Nigeria’s Africa Dominance – Illusion or Misconception?

Nigeria’s Africa Dominance – Illusion or Misconception?

Much has been made recently of recent high profile roll outs in Africa as new ‘Continental HQs’ and how Nigeria, the highest country by GDP on the continent by some margin has lost out. The first was the high profile loss of Twitter to Ghana, and now just announced, the loss of Amazon to South Africa.

Does this mean the slide in global thinking is running away from Nigeria and it’s apex position as the ‘obvious go-to’ is no longer assumed?

I say no, because it NEVER was, ISN’T now, and ALWAYS will be. If you wish to be confused further, please read on!

High profile actions don’t always deliver change in trends, performance improvement or positive reform.

Detective Orlando Martinez was a lead detective on the death of Michael Jackson, which became a murder investigation.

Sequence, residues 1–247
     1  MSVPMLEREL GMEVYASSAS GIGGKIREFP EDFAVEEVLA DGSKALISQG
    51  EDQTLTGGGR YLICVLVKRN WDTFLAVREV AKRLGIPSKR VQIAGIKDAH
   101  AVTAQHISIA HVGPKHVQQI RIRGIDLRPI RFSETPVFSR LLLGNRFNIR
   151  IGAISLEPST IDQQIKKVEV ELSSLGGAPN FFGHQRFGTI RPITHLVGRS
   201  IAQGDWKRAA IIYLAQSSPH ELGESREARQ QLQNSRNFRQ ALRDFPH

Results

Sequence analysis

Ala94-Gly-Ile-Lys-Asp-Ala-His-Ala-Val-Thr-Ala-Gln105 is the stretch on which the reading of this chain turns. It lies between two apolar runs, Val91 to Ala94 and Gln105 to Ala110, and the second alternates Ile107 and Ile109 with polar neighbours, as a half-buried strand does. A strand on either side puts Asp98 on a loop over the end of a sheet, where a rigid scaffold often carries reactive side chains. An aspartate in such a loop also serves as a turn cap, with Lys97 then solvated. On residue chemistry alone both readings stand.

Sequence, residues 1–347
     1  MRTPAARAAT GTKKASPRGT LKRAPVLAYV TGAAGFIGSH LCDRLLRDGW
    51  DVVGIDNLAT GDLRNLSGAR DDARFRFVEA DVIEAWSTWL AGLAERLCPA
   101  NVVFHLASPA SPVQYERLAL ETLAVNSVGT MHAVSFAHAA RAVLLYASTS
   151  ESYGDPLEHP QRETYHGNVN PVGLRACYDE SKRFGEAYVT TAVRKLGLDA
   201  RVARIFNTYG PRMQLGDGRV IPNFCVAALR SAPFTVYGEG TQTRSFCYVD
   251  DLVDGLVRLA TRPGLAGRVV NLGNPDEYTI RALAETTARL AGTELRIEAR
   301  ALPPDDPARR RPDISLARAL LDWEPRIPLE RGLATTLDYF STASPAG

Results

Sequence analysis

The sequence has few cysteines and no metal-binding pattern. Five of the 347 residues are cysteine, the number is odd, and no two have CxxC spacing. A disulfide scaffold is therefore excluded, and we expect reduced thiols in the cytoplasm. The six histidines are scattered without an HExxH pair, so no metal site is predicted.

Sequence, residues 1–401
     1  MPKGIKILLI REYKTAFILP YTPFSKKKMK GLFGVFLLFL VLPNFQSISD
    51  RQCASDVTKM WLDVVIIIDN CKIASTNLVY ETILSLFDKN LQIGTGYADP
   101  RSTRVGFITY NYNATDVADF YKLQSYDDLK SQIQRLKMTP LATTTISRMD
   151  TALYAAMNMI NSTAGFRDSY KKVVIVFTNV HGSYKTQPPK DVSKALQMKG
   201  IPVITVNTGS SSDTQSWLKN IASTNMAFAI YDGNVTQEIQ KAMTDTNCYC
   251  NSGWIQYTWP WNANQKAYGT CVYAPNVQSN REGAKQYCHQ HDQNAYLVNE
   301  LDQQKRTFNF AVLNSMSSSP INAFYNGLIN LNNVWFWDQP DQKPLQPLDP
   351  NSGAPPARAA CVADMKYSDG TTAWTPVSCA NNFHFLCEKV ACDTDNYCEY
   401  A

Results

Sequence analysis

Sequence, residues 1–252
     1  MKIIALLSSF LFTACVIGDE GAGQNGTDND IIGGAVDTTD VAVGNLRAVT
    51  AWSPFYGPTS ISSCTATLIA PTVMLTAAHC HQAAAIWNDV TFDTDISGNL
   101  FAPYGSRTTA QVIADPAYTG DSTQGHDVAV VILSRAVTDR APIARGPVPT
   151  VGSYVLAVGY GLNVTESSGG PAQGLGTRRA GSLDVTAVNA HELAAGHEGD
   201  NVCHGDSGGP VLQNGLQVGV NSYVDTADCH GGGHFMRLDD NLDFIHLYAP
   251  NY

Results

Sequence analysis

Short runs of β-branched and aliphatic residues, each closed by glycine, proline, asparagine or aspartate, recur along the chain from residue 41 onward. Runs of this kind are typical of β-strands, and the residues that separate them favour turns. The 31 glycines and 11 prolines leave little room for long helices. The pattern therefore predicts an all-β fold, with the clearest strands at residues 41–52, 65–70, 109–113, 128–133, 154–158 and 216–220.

‘Not only do you have to do what you can for the victim, but you also have to take into account the ‘organisation’. Historically, our department had not had very much success on high profile cases. We had lost the OJ case.’ [colleague interjection] ‘And even though you have this overwhelming amount of evidence to secure a conviction, you don’t get it’.[end] Martinez continues : ‘For us, working the case, we did not want to make the same mistakes that had been made in the Departments memory and in the public memory. There was a lot of pressure to get it right’….
But shouldn’t a public servant act to ‘get it right’ not because of ‘pressure’ owing to the political dimension, but simply because it’s the right thing to do?

I reflect on the recent news announcements about Derek Chauvin who was convicted  on all counts in the death of George Floyd. While ‘justice seen to be done’ doesn’t bring back those lost, I hope it brings some closure to the bereaved.